The 2013 ODC Theater season began with storytelling and this week with Rosanna Gamson/World Wide, the third presented company, it’s clear how many of those stories are women’s stories. Female heroines and protagonists of strength, action and criticality have been represented from Sheetal Gandhi’s potent expression of a convicted woman navigating cultural norms and roles in Bahu-Beti-Biwi (Daughter-in-law, Daughter, Wife), to Barak Marshall’s no-nonsense, rather violent female bride in And at midnight the green bride floated through the village square. Rosanna Gamson’s Layla Means Night offers another shade of femininity and power employing the narrative of Scheherazade – a story about storytelling.
The tale goes that every day the king would marry a new virgin, and every day he would send yesterday’s wife to be beheaded. He was angry and brutal, having found out that his first wife was unfaithful to him. The king had killed 1,000 such women by the time he was introduced to Scheherazade. When she volunteered to spend one night with him, she told a story stopping in the middle as day was breaking. The king spared her life for one day to finish the story the next night. The next night, Scheherazade finished the story, and then began a second, even more exciting tale which she again stopped halfway through, at dawn. In this manner, the king kept Scheherazade alive day by day, as he anticipated the finishing of last night’s story. At the end of 1,001 nights, Scheherazade’s stories had appealed to the king’s humanity and he fell in love with her, thus sparing her life and making her his queen.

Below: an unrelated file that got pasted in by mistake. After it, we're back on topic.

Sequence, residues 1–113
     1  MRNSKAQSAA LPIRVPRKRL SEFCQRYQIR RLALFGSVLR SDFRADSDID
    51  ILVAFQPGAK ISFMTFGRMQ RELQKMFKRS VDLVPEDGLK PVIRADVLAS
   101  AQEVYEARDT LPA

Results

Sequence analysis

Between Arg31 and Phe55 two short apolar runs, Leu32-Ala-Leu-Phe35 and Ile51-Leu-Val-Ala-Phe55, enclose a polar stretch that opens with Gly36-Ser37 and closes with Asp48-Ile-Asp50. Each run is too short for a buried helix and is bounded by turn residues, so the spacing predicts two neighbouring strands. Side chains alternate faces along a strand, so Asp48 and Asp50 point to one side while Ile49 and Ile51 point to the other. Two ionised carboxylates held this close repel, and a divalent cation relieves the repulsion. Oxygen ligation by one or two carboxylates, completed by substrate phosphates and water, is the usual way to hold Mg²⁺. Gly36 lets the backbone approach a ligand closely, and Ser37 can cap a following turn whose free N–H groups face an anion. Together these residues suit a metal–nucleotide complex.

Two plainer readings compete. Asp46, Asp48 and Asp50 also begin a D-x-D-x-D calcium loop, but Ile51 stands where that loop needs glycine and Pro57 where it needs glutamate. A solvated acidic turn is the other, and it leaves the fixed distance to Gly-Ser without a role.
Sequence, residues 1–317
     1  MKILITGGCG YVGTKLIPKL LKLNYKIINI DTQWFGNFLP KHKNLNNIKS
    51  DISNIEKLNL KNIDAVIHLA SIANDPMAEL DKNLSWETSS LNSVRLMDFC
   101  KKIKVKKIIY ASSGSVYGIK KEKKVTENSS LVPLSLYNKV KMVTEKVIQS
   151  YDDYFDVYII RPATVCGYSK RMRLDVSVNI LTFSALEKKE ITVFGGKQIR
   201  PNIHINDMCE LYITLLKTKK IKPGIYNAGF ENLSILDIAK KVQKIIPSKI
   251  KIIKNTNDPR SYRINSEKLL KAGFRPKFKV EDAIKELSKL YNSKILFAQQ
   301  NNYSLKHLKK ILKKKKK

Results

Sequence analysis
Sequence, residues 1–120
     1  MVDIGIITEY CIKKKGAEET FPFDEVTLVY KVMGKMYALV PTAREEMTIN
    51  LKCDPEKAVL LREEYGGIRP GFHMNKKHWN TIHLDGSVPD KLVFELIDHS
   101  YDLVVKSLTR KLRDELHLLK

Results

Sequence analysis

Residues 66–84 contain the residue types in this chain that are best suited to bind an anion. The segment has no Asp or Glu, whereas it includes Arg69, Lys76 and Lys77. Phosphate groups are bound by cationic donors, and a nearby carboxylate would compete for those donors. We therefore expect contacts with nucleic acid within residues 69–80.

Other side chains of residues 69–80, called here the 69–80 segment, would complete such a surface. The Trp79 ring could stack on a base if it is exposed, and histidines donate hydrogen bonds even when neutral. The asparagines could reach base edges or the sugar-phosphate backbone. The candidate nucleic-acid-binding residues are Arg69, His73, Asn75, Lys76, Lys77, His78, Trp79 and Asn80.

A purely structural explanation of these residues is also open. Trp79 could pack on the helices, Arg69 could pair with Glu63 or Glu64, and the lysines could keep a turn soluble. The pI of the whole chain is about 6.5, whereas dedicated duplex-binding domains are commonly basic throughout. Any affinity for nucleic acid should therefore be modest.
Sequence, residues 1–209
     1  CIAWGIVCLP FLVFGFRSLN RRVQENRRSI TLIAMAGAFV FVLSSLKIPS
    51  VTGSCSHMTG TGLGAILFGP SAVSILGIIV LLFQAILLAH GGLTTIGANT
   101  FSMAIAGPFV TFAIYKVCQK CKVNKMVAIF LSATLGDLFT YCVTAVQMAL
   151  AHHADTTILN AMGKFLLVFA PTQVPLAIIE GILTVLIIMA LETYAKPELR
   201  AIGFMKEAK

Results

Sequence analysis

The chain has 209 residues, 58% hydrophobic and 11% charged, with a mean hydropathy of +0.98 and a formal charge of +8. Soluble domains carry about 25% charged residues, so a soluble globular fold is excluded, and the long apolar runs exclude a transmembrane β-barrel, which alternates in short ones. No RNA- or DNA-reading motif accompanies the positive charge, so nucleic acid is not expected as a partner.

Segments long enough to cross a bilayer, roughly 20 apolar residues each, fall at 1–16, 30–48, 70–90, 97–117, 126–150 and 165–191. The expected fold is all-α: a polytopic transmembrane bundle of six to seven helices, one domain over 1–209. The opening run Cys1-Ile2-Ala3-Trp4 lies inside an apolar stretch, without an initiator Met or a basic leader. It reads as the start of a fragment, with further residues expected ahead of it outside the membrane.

In Layla Means Night, Gamson choreographs the audience so that time goes backward and forward with different groups witnessing various nights. In Gamson’s eyes, the ancient story of Scheherazade is also about today’s complicity of women. Think about the many women trying not to age with wrinkle creams and liposuction, holding up teenage girls as paramounts of beauty. With this work, we experience masculine and feminine elements through the lens of a complex choreographer whose mother performed the earthy solos of Isadora Duncan and whose early influences included the macho theater world of Robert Wilson and the rigorous school of Alwin Nikolai and Louis Murray.
From sports to dance, Gamson loves the body as a spectator sport and the role of witnessing is key for Layla Means Night to build empathy for the characters, particularly the women. When a performer is fully absorbed they let the spectator enjoy a kinesthetic mirror, an embodied empathy. Sharing the choreography of Layla, Gamson asks, “If you could be inside the women’s body in a heroic way would something change? Rather than admire, judge or dislike, what would you feel?”
ODC Presents Rosanna Gamson/World Wide’s Layla Means Night October 30 -November 3 at the ODC Theater.